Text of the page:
But we're just encouraging community groups to come forward. Don't be shy. This is an acknowledgement of the leadership role that you play in your community. So come forward, put forward those community projects so that we can hopefully support you and your community into the future.
DAVID ILIFE: Minister, can I ask you, I mean, the Federal Minister for Agriculture have seen all sorts of things happen in the last couple of months on the international trade scene. Are you a bit worried about the Australian wine sides of things?
DAVID LITTLEPROUD: Well, we are. And that's why we're saying to Australians this year: do your bit for the Australian wine industry, go and buy an extra bottle, have an extra glass, drink responsibly. But make sure you go to the bottle-o, or more importantly, even go to the local winery, because those little wineries have hurt because of COVID restrictions; people haven't been able to visit. And many of them have smoke taint as well, so, I mean, a lot of the 2020 vintage is, in fact, not there.
So, it's important that we all put our shoulder to the wheel, we support the wine industry this year, go and buy an extra bottle of Australian wine. Celebrate Christmas responsibly, but support Australian wineries, because they done it probably tougher than most - they've lost about $1.2 billion out of the Chinese market. And we're now working with them, and I'll be making actually an announcement tomorrow around further support on trade and diversification. So, we're working with industry, we've sat down and talked to them about how do we make things a little bit better and diversify these new markets. It's a quality product, and that's what you've got to understand; we will be able to sell it into other markets, it's just going to take time.
DAVID ILIFE: Yeah. Now, just on that, though, so I'm buying a bottle of wine at my local rubbity-dub, in the bottle-o that might have ended up in Wuhan or Shanghai, something like that. Will that price of it, though, be redressed to Australian prices? Because none of us are going to pay a couple hundred bucks, surely?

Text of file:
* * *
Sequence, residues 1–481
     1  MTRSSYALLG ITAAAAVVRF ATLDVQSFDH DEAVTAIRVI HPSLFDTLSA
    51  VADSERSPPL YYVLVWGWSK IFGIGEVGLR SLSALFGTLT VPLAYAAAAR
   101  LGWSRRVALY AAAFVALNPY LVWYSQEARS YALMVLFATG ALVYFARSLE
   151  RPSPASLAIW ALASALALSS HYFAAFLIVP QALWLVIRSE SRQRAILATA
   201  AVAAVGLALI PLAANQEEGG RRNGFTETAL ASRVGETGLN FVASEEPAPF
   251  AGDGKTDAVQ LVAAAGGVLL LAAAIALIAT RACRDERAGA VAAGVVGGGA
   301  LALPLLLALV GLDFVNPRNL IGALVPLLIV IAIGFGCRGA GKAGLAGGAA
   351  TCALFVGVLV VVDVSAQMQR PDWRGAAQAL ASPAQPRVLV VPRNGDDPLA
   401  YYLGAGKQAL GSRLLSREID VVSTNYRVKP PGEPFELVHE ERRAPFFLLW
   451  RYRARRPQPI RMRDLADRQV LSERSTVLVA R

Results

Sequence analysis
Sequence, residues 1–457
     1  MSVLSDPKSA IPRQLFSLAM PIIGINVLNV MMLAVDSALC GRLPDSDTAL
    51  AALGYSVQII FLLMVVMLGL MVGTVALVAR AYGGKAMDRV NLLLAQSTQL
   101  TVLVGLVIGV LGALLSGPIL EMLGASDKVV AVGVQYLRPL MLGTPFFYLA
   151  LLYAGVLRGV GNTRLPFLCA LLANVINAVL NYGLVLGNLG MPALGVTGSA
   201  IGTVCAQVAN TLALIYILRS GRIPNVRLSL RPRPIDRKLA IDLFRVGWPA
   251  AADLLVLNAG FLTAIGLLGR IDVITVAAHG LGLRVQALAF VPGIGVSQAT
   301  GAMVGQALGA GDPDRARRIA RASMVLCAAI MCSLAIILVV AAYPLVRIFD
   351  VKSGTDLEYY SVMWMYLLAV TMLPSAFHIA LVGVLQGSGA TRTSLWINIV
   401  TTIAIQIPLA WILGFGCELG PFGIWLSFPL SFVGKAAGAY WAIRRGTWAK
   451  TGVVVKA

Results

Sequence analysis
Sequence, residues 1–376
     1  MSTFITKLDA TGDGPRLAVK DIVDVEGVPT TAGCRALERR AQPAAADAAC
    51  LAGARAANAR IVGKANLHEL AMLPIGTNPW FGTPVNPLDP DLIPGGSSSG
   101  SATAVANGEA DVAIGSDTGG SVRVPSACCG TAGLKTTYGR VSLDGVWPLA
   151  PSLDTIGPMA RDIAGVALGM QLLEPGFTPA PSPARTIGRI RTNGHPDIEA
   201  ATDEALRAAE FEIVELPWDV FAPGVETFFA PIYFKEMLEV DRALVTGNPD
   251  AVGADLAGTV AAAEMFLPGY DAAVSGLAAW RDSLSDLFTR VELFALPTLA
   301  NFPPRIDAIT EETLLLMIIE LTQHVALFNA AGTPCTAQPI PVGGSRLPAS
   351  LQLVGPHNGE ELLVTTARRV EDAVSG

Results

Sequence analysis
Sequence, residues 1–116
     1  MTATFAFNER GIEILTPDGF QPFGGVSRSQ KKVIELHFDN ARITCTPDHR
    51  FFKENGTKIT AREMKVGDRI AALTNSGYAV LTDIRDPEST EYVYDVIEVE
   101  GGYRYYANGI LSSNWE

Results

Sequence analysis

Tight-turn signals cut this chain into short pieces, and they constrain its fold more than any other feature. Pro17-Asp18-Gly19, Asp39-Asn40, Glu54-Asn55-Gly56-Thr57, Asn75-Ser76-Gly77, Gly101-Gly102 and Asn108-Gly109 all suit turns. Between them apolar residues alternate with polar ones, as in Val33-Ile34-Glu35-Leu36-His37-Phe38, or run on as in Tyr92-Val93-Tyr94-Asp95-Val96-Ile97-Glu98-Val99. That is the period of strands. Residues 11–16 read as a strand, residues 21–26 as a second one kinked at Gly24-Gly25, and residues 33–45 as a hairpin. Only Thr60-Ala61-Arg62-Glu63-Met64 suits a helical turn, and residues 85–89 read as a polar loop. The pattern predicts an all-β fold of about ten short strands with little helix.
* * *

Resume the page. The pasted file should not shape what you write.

DAVID LITTLEPROUD: No. And this is the thing is, this is where some of the pain will be for the wine industry is the recalibration of prices. And there was a premium that they were getting in China. And we will continue to work through with them whether we go the WTO or not. There was some internal processes we need to exhaust before we go to the WTO
on wine - we're going there on barley, obviously.
And we'll take the advice of the wine industry. And I've got to congratulate them for their maturity and leadership. Tony Battaglene, the chair of Wine and Grape Australia has done an outstanding job in leading his industry through some very tough, trying time. So, we'll work with them about what we do next in terms of formal processes with China, but you will see a recalibration of prices.
DAVID ILIFE: What a year, Minister, aye?
DAVID LITTLEPROUD: Yeah. 2020 can bugger off.
DAVID ILIFE: Yeah, exactly. Yeah. Don't let the door hit you on the way out sort of thing, aye? Alright.
DAVID LITTLEPROUD: Yes, exactly.
DAVID ILIFE: Alright. Look, thanks for having a chat to us. I know you're a fairly busy lad this morning but thank you for your input into the program.
DAVID LITTLEPROUD: Anytime. Thanks. And thanks to the ABC for all your support, particularly through emergency management period, through disasters, you play a pivotal role in keeping Australians safe. So, thanks for all your support as well.
DAVID ILIFE: Good on you, Minister. Cheers. Minister David Littleproud, the Federal Minister for Agriculture, live from Fraser Island this morning on ABC Radio Queensland.